The AC concluded that, the major technological challenges would revolve around: (i) coping with adverse eff ects of climate change; (ii) developing and using nano- and biotechnology; (iii) establishing information and communication systems for agricultural research; (iv) developing green agricultural innovations; (v) resolving issues of competing land use and; (vi) trading in regional and global markets.
These interrelated megatrends will undoubtedly dominate the agenda of ACP agricultural science in the years to come. Is such, priority should be given to enhancing ACP scientifi c capacity in climate related studies and nano and biotechnology and genetic engineering and incorporating indigenous knowledge and skills in the search for new and green technologies for conserving natural resources; soil, water, and biodiversity.
Current low priority of agricultural development on ACP policy agendas may be cause for worry. But, the growing international consensus and, renewed support for agricultural research and the rapid spread of ICTs and nano- and biotechnology should certainly be considered as positive developments. In fact, in the future, these new technologies will unquestionably determine the agricultural science and innovation agenda in ACP countries.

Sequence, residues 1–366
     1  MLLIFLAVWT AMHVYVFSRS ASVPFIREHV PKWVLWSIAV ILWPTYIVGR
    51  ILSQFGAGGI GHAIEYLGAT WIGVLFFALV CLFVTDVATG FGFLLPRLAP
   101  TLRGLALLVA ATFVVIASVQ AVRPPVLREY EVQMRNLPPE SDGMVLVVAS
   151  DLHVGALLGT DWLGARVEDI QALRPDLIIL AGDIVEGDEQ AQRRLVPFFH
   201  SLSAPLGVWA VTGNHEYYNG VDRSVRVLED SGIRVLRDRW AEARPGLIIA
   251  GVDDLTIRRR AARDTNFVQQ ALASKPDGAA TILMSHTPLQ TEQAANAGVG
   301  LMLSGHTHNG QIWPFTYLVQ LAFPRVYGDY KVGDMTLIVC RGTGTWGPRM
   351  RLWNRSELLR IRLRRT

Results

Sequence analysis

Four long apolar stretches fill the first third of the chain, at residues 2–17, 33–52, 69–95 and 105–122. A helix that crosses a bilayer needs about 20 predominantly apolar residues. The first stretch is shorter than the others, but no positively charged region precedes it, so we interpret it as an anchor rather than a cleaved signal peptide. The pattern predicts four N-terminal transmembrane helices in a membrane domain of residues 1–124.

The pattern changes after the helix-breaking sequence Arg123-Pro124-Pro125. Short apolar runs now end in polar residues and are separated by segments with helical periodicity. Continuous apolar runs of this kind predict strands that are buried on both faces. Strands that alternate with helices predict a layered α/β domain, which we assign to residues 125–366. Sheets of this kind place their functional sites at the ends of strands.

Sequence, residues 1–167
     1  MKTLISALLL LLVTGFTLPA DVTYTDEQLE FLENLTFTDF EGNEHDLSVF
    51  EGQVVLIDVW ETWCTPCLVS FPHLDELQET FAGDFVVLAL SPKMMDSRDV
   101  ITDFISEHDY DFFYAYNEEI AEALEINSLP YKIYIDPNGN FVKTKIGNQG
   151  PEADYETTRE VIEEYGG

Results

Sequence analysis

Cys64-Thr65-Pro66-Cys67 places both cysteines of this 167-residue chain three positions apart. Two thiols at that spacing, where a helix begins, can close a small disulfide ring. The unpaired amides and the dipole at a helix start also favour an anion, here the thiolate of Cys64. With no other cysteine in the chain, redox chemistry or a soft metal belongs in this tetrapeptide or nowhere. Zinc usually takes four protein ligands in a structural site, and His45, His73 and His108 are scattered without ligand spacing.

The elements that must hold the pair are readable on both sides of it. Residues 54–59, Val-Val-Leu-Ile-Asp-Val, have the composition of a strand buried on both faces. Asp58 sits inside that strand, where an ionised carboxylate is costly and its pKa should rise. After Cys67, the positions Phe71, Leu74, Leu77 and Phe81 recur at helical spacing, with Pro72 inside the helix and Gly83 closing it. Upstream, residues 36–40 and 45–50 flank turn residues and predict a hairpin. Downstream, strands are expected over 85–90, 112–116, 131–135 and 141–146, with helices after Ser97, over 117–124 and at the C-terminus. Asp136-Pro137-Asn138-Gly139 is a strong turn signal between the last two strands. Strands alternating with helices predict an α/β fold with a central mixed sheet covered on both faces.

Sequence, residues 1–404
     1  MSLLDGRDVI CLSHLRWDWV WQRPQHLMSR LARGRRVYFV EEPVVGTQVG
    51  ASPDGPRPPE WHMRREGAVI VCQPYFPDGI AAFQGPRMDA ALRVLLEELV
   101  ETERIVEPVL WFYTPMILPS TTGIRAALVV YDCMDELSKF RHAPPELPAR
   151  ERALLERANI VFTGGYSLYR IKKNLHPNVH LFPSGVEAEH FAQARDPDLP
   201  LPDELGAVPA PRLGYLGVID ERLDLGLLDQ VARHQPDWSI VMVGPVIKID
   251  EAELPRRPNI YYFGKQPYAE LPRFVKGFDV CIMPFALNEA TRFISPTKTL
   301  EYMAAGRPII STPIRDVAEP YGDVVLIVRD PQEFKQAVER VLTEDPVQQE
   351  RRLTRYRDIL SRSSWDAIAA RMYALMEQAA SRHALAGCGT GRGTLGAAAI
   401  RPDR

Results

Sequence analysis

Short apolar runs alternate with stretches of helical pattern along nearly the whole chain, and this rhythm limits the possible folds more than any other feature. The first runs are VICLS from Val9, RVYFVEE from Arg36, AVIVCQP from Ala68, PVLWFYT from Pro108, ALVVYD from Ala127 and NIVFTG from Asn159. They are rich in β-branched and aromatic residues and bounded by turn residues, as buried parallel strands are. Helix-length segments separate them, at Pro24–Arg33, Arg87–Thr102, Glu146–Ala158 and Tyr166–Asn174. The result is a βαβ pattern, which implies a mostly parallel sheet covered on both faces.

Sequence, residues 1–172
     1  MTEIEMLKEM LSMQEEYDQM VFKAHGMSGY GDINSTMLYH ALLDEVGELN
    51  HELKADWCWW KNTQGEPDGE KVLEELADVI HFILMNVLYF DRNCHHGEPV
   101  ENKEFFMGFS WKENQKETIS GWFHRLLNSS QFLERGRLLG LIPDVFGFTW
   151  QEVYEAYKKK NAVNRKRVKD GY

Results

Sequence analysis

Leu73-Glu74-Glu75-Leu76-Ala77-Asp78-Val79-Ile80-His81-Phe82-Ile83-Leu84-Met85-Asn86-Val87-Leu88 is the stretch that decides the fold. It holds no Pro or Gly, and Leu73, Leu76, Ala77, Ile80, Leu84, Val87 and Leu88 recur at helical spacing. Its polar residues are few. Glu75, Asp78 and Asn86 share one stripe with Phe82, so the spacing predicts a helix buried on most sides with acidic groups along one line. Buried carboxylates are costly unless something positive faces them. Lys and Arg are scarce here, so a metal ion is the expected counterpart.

ICTs represent a wide range of technology applications, from fibre optic cables and communications satellites to mobile phones and the internet, and the many applications that make integral use of these communication networks. The AC reckons that ICT applications for communication and collaborative networking will shape agricultural science and innovation policies in ACP countries, followed by online databases for storing and retrieving research information and faster internet connections. Similarly, the establishment – in Africa, Caribbean and the Pacifi c regions – of modern laboratories with state-of-the-art equipment that allow the use of nano- and biotechnology in agricultural research and the capacity to use them, will be indispensible for transforming ACP agriculture.
Driven by ICTs, nano- and biotechnology and biosciences, collaborative agricultural research and training could make an enormous contribution to improving the ACP agricultural science and innovation agenda for the next 5-10 years for enhanced sustainable agricultural productivity. ACP countries have missed out on the industrial revolution but these new technologies and the rapidly evolving technological context in which agricultural research takes place suggest that they should not be left behind again. If ACP countries wish to transform their agriculture, this time they cannot miss out on embracing opportunities to advance the science and innovation agenda.